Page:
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Chapter 7

Anatomy and Physiology #1 Dr.Days Class Chapter 7 Powerpoint Notes
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Functions of Bone: Support
Bones form the framework of the body and contribute to the shape, alignment, and positioning of body parts; ligaments help hold bones together
Functions of Bone: Protection
Bony "boxes" protect the delicate structures they enclose
Functions of Bone: Movement
Bones and their joints constitute levers that move as muscles contract
Functions of Bone: Mineral Storage
Bones are the major reservoir for calcium, phosphorus, and other minerals
Functions of Bone: Hematopoiesis
Blood cell formation is carried out by myeloid tissue
Functions of the Bone
Support, Protection, Movement, Mineral Storage, Hematopoiesis
5 Major Types of Structural Bones
Long bones, Short bones, Flat bones, Irregular bones, Sesamoid bones
Compact Bone
Is dense and solid in appearance
Cancellous Bone
Also known as spongy bone
Is characterized by open space partially filled with needlelike structures
Parts of a Long Bone: Diaphysis
*Main shaft of a long bone
*Hollow, cylindrical shape and thick compact bone
*Function is to provide strong support without cumbersome weight
Parts of a Long Bone:
Epiphyses
*Both ends of a long bone; made of cancellous bone filled with marrow
*Bulbous shape
*Function is to provide attachments for muscles and give stability to joints
Parts of a Long Bone:
Periosteum
*Dense, white fibrous membrane that covers bone
*Attaches tendons firmly to bones
*Contains cells that form and destroy bone
*Contains blood vessels important in growth and repair
*Contains blood vessels that send branches into bone
*Essential for bone cell survival and bone formation
Parts of a Long Bone:
Articular Cartilage
*Layer of hyaline cartilage that covers the articular surface of epiphyses
*Function is to cushion jolts and blows
Parts of a Long Bone:
Medullary (or Marrow) Cavity
*Tubelike, hollow space in the diaphysis
*Filled with yellow marrow in adults
Parts of a Long Bone:
Endosteum
thin, fibrous membrane that lines the medullary cavity
Parts of the Long Bone
Diaphysis, Epiphyses, Periosteum, Articular Cartilage, Medullary Cavity, Endosteum
Parts of a Flat Bone:
*Inner portion is cancellous bone covered on the outside with compact bone
-Cranial flat bones have an internal and external table of compact bone and an inner cancellous region called the diploë
-Bones are covered with periosteum and lined with endosteum, such as in a long bone
-Other flat bones, short bones, and irregular bones have features similar to the cranial bones
*Spaces inside the cancellous bone of short, flat, irregular and sesamoid bones are filled with red marrow
Bone Tissue
*Most distinctive form of connective tissue
*Extracellular components are hard and calcified
*Rigidity of bone gives it supportive and protective functions
*Tensile strength nearly equal to that of cast iron at less than one third the weight
Bone Tissue:
Composition of Bone Matrix-
Inorganic Salts
*Hydroxyapatite: crystals of calcium and phosphate contribute to bone hardness
*Slender, needlelike crystals are oriented to most effectively resist stress and mechanical deformation
*Magnesium, sodium, sulfate, and fluoride are also found in bone
Bone Tissue:
Composition of Bone Matrix-
Organic Matrix
*Composite of collagenous fibers and an amorphous mixture of protein and polysaccharides called ground substance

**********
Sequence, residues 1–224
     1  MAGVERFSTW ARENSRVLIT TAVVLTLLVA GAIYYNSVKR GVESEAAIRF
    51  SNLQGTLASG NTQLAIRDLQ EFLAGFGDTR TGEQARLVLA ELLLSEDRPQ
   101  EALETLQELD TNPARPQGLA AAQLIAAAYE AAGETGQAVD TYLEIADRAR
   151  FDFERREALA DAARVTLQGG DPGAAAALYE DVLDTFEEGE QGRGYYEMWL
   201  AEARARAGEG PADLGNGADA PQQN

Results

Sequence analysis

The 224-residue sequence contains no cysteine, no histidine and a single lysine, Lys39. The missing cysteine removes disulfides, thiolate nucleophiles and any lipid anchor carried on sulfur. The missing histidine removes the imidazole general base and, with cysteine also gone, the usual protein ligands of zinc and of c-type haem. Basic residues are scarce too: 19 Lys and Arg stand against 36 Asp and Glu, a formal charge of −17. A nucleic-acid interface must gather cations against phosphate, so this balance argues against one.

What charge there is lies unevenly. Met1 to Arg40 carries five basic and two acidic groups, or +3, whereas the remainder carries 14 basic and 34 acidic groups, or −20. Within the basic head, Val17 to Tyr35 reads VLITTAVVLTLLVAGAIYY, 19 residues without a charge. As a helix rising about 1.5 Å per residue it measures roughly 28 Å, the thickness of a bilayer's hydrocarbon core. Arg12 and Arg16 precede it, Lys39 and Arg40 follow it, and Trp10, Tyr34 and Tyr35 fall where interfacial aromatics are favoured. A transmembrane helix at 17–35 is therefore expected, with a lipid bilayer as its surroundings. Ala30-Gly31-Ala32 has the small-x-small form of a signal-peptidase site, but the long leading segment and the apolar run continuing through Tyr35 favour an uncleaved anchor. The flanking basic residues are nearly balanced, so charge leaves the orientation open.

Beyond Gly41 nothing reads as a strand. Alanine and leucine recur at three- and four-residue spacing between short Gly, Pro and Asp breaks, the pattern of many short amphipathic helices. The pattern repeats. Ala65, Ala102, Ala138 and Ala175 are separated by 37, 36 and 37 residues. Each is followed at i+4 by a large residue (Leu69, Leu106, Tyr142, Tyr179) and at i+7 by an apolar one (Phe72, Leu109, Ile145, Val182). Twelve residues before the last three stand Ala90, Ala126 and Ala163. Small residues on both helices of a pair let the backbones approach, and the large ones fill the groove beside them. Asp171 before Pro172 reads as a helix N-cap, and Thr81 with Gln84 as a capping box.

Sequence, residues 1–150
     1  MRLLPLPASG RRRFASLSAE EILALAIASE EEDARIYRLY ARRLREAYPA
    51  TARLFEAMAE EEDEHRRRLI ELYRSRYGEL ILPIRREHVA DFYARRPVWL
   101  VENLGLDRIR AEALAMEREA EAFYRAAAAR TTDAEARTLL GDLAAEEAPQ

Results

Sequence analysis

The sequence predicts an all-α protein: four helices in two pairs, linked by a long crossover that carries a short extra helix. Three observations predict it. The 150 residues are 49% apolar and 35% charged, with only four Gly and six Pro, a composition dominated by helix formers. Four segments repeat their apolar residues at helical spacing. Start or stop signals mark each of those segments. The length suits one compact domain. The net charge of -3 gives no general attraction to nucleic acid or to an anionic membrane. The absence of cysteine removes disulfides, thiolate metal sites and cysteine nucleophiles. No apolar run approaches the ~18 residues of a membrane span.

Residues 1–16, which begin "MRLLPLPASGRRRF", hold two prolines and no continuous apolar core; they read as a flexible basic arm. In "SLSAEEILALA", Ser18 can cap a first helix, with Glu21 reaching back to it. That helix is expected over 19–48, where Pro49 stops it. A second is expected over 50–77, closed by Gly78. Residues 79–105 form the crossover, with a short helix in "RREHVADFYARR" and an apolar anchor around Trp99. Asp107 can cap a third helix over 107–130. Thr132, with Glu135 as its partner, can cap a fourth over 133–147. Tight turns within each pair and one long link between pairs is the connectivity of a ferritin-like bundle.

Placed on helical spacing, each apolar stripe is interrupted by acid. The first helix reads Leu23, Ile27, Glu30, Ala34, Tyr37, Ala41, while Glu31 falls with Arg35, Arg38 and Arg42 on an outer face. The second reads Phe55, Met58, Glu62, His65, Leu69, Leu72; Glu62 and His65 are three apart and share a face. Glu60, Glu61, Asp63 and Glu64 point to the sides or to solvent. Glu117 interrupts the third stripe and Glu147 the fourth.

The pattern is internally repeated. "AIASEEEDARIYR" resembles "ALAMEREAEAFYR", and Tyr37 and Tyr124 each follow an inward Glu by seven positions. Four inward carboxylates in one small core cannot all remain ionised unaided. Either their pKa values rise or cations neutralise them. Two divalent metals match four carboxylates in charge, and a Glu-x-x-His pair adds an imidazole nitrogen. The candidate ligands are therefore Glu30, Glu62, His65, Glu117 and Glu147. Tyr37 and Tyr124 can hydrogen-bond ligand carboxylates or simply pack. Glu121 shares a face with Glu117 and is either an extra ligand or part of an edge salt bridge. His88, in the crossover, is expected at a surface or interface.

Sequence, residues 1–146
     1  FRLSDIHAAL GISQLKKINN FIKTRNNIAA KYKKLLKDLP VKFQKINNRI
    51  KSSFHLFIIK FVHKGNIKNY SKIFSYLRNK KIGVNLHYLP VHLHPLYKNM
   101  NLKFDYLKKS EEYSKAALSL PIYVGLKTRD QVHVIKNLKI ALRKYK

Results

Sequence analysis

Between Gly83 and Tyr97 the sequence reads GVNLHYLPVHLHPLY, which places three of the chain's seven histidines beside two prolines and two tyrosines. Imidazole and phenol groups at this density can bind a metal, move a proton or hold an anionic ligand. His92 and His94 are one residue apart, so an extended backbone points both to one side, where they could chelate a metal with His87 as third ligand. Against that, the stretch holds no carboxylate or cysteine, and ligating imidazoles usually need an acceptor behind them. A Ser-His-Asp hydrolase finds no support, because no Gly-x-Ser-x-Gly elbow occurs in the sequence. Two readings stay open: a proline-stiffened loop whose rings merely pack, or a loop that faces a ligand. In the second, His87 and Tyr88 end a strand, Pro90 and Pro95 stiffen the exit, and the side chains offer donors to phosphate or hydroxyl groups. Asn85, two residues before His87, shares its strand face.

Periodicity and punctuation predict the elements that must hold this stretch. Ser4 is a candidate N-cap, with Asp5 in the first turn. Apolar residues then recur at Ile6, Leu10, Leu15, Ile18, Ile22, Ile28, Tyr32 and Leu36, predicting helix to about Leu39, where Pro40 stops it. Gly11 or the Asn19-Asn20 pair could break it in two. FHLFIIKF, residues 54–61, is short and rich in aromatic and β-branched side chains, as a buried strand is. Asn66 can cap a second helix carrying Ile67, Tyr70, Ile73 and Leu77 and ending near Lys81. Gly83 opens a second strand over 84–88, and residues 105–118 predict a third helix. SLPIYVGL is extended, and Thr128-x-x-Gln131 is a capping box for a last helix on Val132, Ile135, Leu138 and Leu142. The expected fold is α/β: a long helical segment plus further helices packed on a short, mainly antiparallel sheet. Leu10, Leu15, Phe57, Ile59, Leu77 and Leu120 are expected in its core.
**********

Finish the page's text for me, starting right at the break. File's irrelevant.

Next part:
*Ground substance is secreted by connective tissue cells
*Adds to overall strength of bone and gives some degree of resilience to bone
Bone Tissue:
Composition of Bone Matrix-
Inorganic Salts and Organic Matrix
Microscopic Structure of Bone:
Compact Bone
*Contains many cylinder-shaped structural units called osteons, or haversian systems
*Osteons surround central (osteonal or haversian) canals that run lengthwise through bone and are connected by transverse (Volkmann) canals
*Living bone cells are located in these units, which constitute the structural framework of compact bone
*Osteons permit delivery of nutrients and removal of waste products
Structures that Make Up Each Osteon:
Lamellae
*Concentric: cylinder-shaped layers of calcified matrix around the central canal
*Interstitial: layers of bone matrix between the osteons; leftover from previous osteons
*Circumferential: few layers of bone matrix that surround all the osteons; run along the outer circumference of a bone and inner circumference (boundary of medullary cavity) of a bone
Structures that Make Up Each Osteon:
Lacunae
small spaces containing tissue fluid in which bone cells are located between hard layers of the lamella
Structures that Make Up Each Osteon:
Canaliculi
ultra-small canals radiating in all directions from the lacunae and connecting them to each other and to the central canal
Structures that Make Up Each Osteon:
Central Canal
extends lengthwise through the center of each osteon; contains blood vessels and lymphatic vessels
Cancellous Bone
*No osteons in cancellous bone; it has trabeculae instead
*Nutrients are delivered and waste products removed by diffusion through tiny canaliculi
*Bony branches (trabeculae) are arranged along lines of stress to enhance the bone's strength
*Blood supply
-Bone cells are metabolically active and need a blood supply, which comes from the bone marrow in the internal medullary cavity of cancellous bone
-Compact bone, in addition to bone marrow and blood vessels from the periosteum, penetrates the bone and then, by way of transverse (Volkmann) canals, connects with vessels in the central canals of osteons
Types of Bone Cells:
Osteoblasts
*Bone-forming cells found in all bone surfaces
*Small cells synthesize and secrete osteoid, an important part of the ground substance
*Collagen fibrils line up in osteoid and form a framework for the deposition of calcium and phosphate
Types of Bone Cells:
Osteoclasts
*Giant multinucleated cells
*Responsible for the active erosion of bone minerals
*Contain large numbers of mitochondria and lysosomes
Types of Bone Cells:
Osteocytes
*Mature, nondividing osteoblasts surrounded by matrix and lying within lacunae
Bone Marrow
*Type of soft, diffuse connective tissue; called myeloid tissue
*Site for the production of blood cells
*Found in the medullary cavities of long bones and in the spaces of spongy bone
*The main bones in an adult that still contain red marrow include the ribs, bodies of the vertebrae, humerus, pelvis, and femur
*Yellow marrow can change to red marrow during times of decreased blood supply, such as anemia, exposure to radiation, and certain diseases
Bone Marrow:
2 types of Marrow occur during a person's lifetime
-Red Marrow
-Yellow Marrow
Bone Marrow:
Red Marrow
*Found in virtually all bones in an infant's or child's body
*Produces red blood cells
Bone Marrow:
Yellow Marrow
*As an individual ages, red marrow is replaced by yellow marrow
*Marrow cells become saturated with fat and are no longer active in blood cell production
Regulation of Blood Calcium Levels
*Skeletal system is a storehouse for about 98% of body calcium reserves
-Helps maintain constancy of blood calcium levels